[cs_content][cs_section parallax=”false” style=”margin: 0px;padding: 45px 0px;”][cs_row inner_container=”true” marginless_columns=”false” style=”margin: 0px auto;padding: 0px;”][cs_column fade=”false” fade_animation=”in” fade_animation_offset=”45px” fade_duration=”750″ type=”1/1″ style=”padding: 0px;”][cs_text]I want to tell you the story of Viktor Frankl; namely, to tell the story of how he survived. I want to tell that story, because it is so very integral to the philosophy of The Community Well.
To some of you, that name may sound familiar; some of you may have even studied the work of Viktor Frankl in high school or college. Frankl was a psychologist, and he founded a school of psychology called Logotherapy – more on that below.
But Viktor Frankl was also a holocaust survivor, and this in so many ways informed his work. One might think that this was the most horrible experience of Viktor Frankl’s life, and in many ways that was true. Frankl was trained in psychology and neurology, and had achieved some renown when the Nazi’s sent him to Auschwitz in 1944. It was a most horrible and dehumanizing experience.[/cs_text][x_blockquote cite=”Mr. WordPress” type=”left”][Frankl] noticed that there was a difference among those who survived and those who did not: a sense of purpose.[/x_blockquote][cs_text]And yet, in a certain way, surviving that experience enabled Frankl to understand something very deep about human nature, which formed the heart of his psychological theory. He noticed that there was a difference among those who survived the experience and those who did not: a sense of purpose. He writes,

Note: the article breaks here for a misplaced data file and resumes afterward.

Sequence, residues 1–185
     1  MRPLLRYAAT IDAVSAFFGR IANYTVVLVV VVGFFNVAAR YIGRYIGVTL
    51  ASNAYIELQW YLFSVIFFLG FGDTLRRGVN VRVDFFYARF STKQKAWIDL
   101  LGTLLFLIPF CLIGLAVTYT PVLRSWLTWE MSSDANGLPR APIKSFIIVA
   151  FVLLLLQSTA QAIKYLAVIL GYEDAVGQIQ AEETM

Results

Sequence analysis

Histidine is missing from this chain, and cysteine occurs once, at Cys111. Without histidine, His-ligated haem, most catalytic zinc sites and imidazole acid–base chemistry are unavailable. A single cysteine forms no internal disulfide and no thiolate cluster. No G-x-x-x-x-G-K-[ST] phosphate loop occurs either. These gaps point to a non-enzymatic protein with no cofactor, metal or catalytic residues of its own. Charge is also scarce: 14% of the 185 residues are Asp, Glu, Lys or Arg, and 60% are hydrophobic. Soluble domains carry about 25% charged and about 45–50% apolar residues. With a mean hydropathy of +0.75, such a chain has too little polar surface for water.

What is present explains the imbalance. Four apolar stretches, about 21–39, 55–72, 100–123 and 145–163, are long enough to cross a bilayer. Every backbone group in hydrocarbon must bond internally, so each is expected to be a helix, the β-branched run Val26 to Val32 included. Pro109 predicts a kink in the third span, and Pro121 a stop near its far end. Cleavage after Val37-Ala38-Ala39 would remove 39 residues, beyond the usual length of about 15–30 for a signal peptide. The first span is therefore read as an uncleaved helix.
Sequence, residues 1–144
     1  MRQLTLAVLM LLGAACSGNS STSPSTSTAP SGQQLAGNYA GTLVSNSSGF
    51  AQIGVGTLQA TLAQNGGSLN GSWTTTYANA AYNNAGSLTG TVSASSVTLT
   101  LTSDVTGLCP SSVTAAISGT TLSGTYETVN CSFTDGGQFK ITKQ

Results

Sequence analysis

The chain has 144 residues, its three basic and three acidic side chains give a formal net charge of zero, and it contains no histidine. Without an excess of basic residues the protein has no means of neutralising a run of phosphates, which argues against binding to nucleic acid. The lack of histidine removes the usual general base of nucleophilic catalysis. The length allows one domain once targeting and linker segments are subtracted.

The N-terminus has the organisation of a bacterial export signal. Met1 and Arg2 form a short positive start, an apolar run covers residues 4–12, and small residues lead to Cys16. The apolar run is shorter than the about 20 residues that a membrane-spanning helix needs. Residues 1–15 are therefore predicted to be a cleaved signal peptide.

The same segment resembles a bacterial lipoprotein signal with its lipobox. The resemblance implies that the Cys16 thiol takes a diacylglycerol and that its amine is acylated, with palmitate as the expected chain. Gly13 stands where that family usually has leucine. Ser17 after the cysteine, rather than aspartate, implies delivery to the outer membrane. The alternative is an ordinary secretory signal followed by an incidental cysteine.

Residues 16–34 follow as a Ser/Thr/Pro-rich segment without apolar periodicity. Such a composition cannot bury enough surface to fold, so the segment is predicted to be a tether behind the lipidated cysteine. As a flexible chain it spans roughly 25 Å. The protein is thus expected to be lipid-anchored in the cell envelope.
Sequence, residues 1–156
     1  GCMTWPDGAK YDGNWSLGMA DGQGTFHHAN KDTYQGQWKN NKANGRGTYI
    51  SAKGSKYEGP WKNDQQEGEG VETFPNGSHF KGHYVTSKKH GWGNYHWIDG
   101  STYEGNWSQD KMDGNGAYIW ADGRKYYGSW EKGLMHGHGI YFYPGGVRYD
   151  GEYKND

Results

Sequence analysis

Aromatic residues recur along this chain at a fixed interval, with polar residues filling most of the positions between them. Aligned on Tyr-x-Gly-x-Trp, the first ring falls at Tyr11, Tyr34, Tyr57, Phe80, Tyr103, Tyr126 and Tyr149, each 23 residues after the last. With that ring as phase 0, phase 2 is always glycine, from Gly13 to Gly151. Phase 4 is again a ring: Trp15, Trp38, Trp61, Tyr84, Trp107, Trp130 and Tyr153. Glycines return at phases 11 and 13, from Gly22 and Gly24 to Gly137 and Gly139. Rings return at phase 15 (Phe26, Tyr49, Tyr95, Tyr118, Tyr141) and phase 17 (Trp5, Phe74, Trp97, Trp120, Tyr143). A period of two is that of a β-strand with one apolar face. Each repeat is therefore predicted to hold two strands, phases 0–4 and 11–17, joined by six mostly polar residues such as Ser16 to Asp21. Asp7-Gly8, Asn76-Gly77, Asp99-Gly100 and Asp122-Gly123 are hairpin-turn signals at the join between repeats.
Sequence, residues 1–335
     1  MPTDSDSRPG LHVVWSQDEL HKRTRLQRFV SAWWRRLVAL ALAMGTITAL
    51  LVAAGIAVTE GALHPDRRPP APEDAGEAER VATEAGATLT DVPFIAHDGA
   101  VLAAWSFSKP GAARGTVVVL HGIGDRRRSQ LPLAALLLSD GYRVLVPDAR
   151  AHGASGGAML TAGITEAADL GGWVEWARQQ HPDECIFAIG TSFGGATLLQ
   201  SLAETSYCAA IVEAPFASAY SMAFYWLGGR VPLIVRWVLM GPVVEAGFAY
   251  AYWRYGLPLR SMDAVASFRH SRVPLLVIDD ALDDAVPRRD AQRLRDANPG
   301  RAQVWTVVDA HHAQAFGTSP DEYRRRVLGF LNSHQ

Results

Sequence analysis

“What was really needed was a fundamental change in our attitude toward life. We had to learn ourselves and, furthermore, we had to teach the despairing men, that it did not really matter what we expected from life, but rather what life expected from us. We needed to stop asking about the meaning of life, and instead think of ourselves as those who were being questioned by life—daily and hourly.”
Frankl survived the experience of a concentration camp because he realized that there was an important task he personally needed to complete: the completion of a manuscript he had been working on. That manuscript later became one of the most influential book of the post-war period: Man’s Search for Meaning, a book that explains the basis for his psychological theory, called Logotherapy, which holds that a fundamental basis for psychological and spiritual health is a sense of purpose.
Recently, a member of the church encouraged me to read a book that they had read, and thought I might enjoy: Tribe, by Sebastian Junger. It is indeed a book well worth reading. A primary thesis of Junger’s book is this: America in many ways has lost its moorings, morally and politically, because people no longer are focused on a cause for which they would sacrifice; a cause that gives them – and all of us – a sense of common purpose. He tells stories of those in war – even those who survived the Blitz in London during the Nazi bombing of that city – who in many ways look upon those experiences as the best of times. Why? Because people knew they had a purpose, formed by an existential need that bound the whole community together; a cause that made their lives vibrant and meaningful.
Here are a few questions to ponder this month: Have we, in America, in Lawrenceville, in many ways lost our way, because we no longer have a firm sense of purpose? An ideal toward which we are aiming, which gives meaning and purpose? Is there anything you would die for – or even sacrifice lunch for? Do we – individually and collectively – know deeply that cause that we are here to address ourselves to? Is this indeed what gives us meaning?
You may also be aware that The Community Well, this new endeavor we’re creating, is based on the main concept of Logotherapy; namely, the notion that people become whole, people become spiritually whole, to the extent we understand a purpose for our lives.
All this to ask a final question: is it possible that this is our mission as a church community? To help people discover and explore their sense of meaning and purpose? The purpose for which God has called them – and each and every human – into being?
I hope you’ll ponder those questions with me as we contemplate the beginning of this contemplative season of Lent.
Blessings and Peace,
Jeff Vamos[/cs_text][/cs_column][/cs_row][/cs_section][/cs_content]